Sunday morning I attended the Gary Groth Fantagraphics session which was a fascinating look at the history of American comics through his eyes from the mid 1960s to the present. He survived several spurious law suits, came close to bankruptcy on several occasions and got out of it with quick thinking by forming Eros Comix; and has worked with luminaries such as Charles Schultz, Robert Crumb and the Hernandez Brothers. This was a story of grit, determination, absolute focus from the age of 15 and a pinch of what Australians would term – larrikinism. I was lucky to get a few minutes to talk to him prior to the start of the next session and will be sending him information on the ASA Comics/Graphic Novels Portfolio in the next few days.

The wonderfully talented, zen-like and articulate Shaun Tan was also there as a major guest. I wished the scheduling was such that I could have attended The Arrival session with music but it clashed with the Neil Gaiman one. I talked to a few other people who attended and they agreed unanimously that it too had been a wonderful experience. I was also lucky to have been given a ticket (thank you Cefn) to the "Evolution of the Idea" session with Shaun Tan, Neil Gaiman, Eddie Campbell and with moderator Bernard Caleo. The panelists talked about process and entry points into creative works, and Eddie Campbell talked about a new term he had heard while visiting England recently, that being, "authorial" whereby the illustrator takes control of his or her projects. As usual, the discussion was lively and stimulating.

It's our understanding that GRAPHIC will become an annual event, and it's no secret why. Attendances were extraordinary and the content was terrific. Congratulations to the organisers and also a profound thank you.

The Australian comics community is characterised by small hubs of creativity mostly in the capital cities. Many comics creators have worked solidly and silently on their projects for many years with little recognition. It's been our experience that despite being a trifle jaded and a little cynical, that this community also possesses great warmth and a generosity of spirit towards each other.

What the GRAPHIC event at the Sydney Opera House accomplished was to give the comics artform and all its players in Australia the credibility, legitimacy and acceptance in the cultural landscape we've been searching for for a very long time. It also brought to mind the book and movie title "Waiting to Exhale" ... We do believe that right now there is a collective sigh of relief and thank you from within the Australian comics creators' ranks ... that it's finally okay okay to emerge from the shadows.

Wednesday, August 4, 2010

Ledger Awards Returning Soon!

The Australian-based Ledger Awards were created in 2005 to acknowledge excellence and achievement in Australian comic arts and publishing. They were the brainchild of Gary Chaloner, a professional Tasmanian based comics writer/artist. Up to now the Ledger Awards has been a fully independent and non-profit initiative with no affiliations or links with organisations, businesses or other institutions. The Ledgers became too large for any one person to organise and lapsed during the last three years. However, a new Ledger Awards Organising Committee was recently formed and held its inaugural meeting in Sydney on Friday 18 June 2010. The committee consists of Gary Chaloner (comics artist), Tim McEwen (comics artist), Wolfgang Bylsma (Gestalt Publishing publisher), John Retallick (host/presenter of The Comics Spot radio show), Cefn Ridout (comics editor, writer and reviewer), and Jozef Szekeres (Black Mermaid Productions director and comics artist) and Julie Ditrich (Black Mermaid Productions director and comics writer). We’re hoping to get the Ledgers rolling again in 2011.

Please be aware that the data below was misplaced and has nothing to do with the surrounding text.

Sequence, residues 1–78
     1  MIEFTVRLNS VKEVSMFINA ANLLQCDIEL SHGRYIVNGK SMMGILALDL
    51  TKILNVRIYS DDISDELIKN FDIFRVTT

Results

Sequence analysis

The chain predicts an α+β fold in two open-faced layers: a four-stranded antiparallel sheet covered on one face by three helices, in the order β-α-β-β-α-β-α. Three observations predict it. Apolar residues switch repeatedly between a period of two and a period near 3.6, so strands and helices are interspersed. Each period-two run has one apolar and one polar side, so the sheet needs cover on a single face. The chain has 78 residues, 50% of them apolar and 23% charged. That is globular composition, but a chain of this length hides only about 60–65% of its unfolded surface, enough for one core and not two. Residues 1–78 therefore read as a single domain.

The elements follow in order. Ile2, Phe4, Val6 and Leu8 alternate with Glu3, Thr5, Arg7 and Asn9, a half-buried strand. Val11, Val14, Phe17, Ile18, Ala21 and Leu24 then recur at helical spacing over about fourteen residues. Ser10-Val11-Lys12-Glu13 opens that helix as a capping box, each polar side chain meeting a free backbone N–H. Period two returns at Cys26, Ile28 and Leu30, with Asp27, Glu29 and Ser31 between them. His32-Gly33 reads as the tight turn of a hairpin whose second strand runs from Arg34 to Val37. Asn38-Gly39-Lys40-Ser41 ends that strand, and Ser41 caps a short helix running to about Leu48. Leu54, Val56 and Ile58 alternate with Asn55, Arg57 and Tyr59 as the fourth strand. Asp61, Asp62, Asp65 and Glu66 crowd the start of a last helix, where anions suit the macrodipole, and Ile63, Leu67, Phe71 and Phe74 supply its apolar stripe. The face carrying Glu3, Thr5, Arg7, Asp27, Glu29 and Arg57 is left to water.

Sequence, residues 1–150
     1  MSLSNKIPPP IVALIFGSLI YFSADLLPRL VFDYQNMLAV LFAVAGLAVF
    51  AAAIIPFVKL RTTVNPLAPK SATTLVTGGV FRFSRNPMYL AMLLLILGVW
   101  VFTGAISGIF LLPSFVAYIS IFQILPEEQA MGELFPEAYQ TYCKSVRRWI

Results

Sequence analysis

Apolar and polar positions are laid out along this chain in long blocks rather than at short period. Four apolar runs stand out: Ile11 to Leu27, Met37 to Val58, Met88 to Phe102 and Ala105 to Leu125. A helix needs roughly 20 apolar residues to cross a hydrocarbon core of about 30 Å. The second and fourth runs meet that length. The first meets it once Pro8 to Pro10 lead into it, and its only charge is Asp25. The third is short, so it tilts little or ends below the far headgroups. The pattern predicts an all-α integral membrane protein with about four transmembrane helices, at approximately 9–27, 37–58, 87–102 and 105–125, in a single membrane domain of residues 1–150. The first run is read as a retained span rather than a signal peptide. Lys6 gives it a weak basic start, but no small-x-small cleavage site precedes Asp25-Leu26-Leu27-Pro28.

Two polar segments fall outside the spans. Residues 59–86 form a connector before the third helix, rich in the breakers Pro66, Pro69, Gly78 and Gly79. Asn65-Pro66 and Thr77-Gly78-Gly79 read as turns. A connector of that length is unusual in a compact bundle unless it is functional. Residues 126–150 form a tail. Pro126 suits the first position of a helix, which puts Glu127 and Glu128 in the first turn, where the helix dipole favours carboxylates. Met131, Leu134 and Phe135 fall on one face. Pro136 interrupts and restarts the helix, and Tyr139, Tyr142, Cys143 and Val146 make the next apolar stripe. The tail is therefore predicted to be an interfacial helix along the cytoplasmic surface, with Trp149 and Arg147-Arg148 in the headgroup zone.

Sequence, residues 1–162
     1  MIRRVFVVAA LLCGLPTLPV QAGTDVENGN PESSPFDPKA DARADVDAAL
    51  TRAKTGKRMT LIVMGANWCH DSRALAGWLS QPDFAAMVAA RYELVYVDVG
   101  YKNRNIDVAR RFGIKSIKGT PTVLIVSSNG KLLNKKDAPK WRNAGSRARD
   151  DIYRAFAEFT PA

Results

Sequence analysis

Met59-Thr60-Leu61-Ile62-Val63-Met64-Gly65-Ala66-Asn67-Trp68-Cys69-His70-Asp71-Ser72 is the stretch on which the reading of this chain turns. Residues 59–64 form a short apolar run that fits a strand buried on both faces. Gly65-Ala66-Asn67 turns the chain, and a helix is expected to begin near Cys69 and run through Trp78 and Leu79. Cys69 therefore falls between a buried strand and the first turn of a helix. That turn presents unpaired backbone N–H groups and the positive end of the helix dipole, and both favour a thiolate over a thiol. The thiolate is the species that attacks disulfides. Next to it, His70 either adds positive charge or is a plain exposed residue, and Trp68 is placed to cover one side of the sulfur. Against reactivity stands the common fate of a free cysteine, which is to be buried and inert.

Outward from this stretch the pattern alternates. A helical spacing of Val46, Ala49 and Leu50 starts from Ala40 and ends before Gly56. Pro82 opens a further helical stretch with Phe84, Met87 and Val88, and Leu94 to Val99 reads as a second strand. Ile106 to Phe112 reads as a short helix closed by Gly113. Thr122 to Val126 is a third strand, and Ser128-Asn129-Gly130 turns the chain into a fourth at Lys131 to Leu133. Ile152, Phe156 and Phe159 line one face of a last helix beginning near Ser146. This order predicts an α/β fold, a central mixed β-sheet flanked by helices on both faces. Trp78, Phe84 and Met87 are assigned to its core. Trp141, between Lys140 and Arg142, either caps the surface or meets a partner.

"Writing Graphic Novels" Workshop

Are you fascinated by the interplay between words and images? Whether you want to write comic books, illustrated texts or just play with the possibilities of combining text and images, this "Writing Graphic Novels" workshop will help you de-mystify a few things about "comics" and "graphic novels" and will also connect with people who are interested in the medium but think they can't get involved because they only feel capable of doing one task –either writing or illustrating.

This introductory course will cover elements of narrative specific to the form, relationships with artists and collaborative industry styles, as well as everything you need to know to start out in graphic novels. You will also be provided with resources including an introductory glossary and explanation of the industry as well as examples of how to structure writing for the form and a reading list for your further research and development. You will also learn about the production and distribution processes and the ways they differ from mainstream novels.

Presenter: Chewie Chan is an experienced storyboard and comic book artist who has worked on comic books such as Iron Man and for the films Happy Feetand Superman Returns.

Date: Sunday 15 August 2010

Time: 10am to 4pm

Venue: New South Wales (NSW) Writers' Centre, Rozelle, Sydney Australia

For more information and bookings go to the NSW Writers' Centre website.

Black Mermaid Productions highly recommends this workshop!